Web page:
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December 18, 2012
SURREY, BC, Dec. 18, 2012/ Troy Media/ – In the wake of the Newtown shootings, it’s time to finally admit a terrible truth: There may be no number of murdered children that will convince Americans to regulate guns.
The concept of ‘acceptable loss’ applies here. An acceptable loss is a sacrifice that is deemed an acceptable cost of doing business.
In the military context, there is a percentage of troops or airplanes or battleships that are expected to be lost in battle and the unit is still considered fit for active duty. If there are 1,000 soldiers in a battalion, how many is a general willing to sacrifice to take a strategic hill? If it’s 10 per cent, 100 soldiers is the acceptable loss for that action.
There are 74 million children in the United States. How many children have to die at the hands of murderous psychopaths or mentally ill gunmen before Americans finally get serious about gun control and agree on an understanding of the Second Amendment that makes sense in a modern society?
Clearly, the slain innocent up to now are acceptable losses.
If they weren’t then, logically, the 12 students killed at the Columbine High School in 1999 would have swayed American public opinion in favour of more gun control. Or the seven that were killed at a Christian college in Oakland earlier this year. Or any of the children who were killed or wounded during the American 31 school shootings of the past 20 years.
Instead, American public opinion has run in exactly the opposite direction, according to the Pew Research Center, which has been surveying attitudes toward guns and regulation since the early 90s.
In 1993, Pew found that 54 per cent of Americans wanted controls placed on gun ownership, while 34 per cent thought protecting gun owners’ rights were paramount. Nineteen years later and those numbers have changed significantly, with 47 per cent supporting gun rights and 46 per cent in favour of gun control.
‘Recent mass shootings have had little impact on the public’s attitudes toward gun control. That was the case after the Colorado theater shootings; similarly, views of gun control changed little after the Jan. 2011 shooting in Tucson Arizona, which killed six people and seriously wounded former Rep. Gabrielle Giffords,’ the report states.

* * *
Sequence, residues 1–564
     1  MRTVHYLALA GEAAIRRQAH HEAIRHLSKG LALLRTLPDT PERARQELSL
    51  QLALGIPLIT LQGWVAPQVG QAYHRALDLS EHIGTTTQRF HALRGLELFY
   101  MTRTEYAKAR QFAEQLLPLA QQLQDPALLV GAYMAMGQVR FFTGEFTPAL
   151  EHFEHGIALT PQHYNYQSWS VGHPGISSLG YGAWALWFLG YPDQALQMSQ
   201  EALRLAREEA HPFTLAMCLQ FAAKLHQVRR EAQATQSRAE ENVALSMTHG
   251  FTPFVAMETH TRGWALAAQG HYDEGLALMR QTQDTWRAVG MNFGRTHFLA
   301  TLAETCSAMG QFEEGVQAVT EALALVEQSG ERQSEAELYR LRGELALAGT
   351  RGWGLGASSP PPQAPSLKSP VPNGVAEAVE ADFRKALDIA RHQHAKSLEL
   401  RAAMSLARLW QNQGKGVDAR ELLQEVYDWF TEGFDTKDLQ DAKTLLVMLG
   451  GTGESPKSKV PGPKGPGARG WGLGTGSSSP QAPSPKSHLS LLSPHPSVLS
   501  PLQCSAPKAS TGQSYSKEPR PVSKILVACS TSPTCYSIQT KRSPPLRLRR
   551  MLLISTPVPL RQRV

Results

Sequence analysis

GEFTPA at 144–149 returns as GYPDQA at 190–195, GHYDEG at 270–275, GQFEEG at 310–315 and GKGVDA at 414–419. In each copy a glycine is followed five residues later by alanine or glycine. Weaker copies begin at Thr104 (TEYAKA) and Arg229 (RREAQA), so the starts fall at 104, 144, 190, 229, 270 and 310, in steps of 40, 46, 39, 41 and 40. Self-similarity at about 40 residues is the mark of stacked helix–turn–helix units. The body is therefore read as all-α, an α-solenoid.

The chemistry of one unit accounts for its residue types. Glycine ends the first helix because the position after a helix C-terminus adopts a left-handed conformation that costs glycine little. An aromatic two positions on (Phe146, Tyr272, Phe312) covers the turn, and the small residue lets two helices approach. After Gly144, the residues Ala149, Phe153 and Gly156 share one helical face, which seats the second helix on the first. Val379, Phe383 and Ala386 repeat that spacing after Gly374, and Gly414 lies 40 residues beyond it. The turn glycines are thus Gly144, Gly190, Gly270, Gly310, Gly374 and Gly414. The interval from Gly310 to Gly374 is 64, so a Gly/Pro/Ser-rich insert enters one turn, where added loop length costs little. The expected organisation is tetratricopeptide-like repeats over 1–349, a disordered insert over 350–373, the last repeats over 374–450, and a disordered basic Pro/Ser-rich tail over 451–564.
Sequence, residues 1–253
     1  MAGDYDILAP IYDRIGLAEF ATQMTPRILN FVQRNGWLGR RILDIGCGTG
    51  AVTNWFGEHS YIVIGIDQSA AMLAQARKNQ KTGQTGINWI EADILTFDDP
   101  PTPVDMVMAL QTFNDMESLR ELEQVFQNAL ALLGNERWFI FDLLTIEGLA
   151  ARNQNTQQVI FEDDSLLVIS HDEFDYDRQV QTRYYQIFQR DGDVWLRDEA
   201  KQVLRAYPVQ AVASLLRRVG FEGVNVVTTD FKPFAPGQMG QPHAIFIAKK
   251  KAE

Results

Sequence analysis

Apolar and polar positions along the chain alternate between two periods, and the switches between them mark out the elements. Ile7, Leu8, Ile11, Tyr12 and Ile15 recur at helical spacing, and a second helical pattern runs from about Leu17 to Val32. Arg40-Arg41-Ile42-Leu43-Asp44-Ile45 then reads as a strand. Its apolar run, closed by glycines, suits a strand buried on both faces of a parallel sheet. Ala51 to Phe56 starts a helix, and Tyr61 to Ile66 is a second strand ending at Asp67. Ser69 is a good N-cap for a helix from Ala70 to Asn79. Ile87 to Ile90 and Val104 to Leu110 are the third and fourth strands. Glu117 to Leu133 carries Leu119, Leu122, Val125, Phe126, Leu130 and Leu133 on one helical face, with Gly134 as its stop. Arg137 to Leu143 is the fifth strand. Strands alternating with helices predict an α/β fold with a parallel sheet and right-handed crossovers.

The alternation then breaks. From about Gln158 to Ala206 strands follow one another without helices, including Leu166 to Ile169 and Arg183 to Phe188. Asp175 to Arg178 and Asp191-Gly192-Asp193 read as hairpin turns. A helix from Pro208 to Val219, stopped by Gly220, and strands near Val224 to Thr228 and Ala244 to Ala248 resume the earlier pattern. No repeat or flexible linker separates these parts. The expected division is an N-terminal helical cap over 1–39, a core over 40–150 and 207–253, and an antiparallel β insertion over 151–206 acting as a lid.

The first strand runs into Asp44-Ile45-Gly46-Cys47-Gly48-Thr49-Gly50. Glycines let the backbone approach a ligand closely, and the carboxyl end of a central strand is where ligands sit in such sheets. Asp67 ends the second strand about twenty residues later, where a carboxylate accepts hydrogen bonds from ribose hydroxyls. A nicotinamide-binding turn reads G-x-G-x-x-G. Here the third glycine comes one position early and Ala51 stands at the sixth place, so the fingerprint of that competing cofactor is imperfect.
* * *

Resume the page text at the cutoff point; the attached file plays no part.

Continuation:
So what changed over two decades? In a word, Republicans.
Democrat support for gun control remained more or less constant. But respondents identifying with the GOP changed their views radically.
In the first survey only 25 per cent of Republicans said gun rights were more important than gun control. By July 2012, after the tragic shooting deaths of 12 people and the wounding of 58 others during a screening of the Dark Knight Rises movie, that percentage had risen to 71.
The obvious finger to be pointed is at the Tea Party and other right-wing fringe groups that have hijacked the GOP and pushed the party further out to the margins. We all remember TV news footage of Tea Party members showing up to public protests against Obamacare with assault weapons slung across their backs. And we all know about the National Rifle Association and its pernicious influence on the Republican party and its elected members in Congress and state legislatures.
But Republicans aren’t the only political grouping whose views on gun control have changed over the course of the Pew surveys. Independents now support the rights of gun owners to the tune of 55 per cent.
And let’s not forget the Obama effect. Gun ownership has risen dramatically since his first election in 2008, as has general support in the United States for gun rights. More evidence of right-wing paranoia about the first black president in American history? Then how do we explain the sudden increase in black support for gun ownership and gun rights? Or the same trend among women, another group historically supportive of gun control?
If the Pew research is any indication, the Newton slayings won’t change American’s opinion about gun control a whit. None of the previous tragedies has, why should this one?
Obama was quick to offer heartfelt words to the families of the slain children, but he said little about gun control.
As New York Mayor Michael Bloomberg tweeted yesterday, ‘Today President Obama rightly sent his condolences to families. But the country needs him to send a bill to Congress’.
But that isn’t likely to happen. Obama steered clear of gun control in his first term and doesn’t appear any more keen to tackle it in his second. Anguished citizens walking the streets of American in candlelight vigils are nothing compared to the lobbying might of the NRA.
The best prediction is a repetition of every mass shooting since Columbine: a few days or weeks of mourning, plenty of angst on the cable news shows, and then business as usual. American public opinion is just too supportive of gun owners, not gun control.
What other conclusion can a reasonable person come to but that the 20 murdered children of the Newtown shootings are just more ‘acceptable losses?’ There is simply no evidence to the contrary.
Markham Hislop is Editor in Chief of Beacon News.
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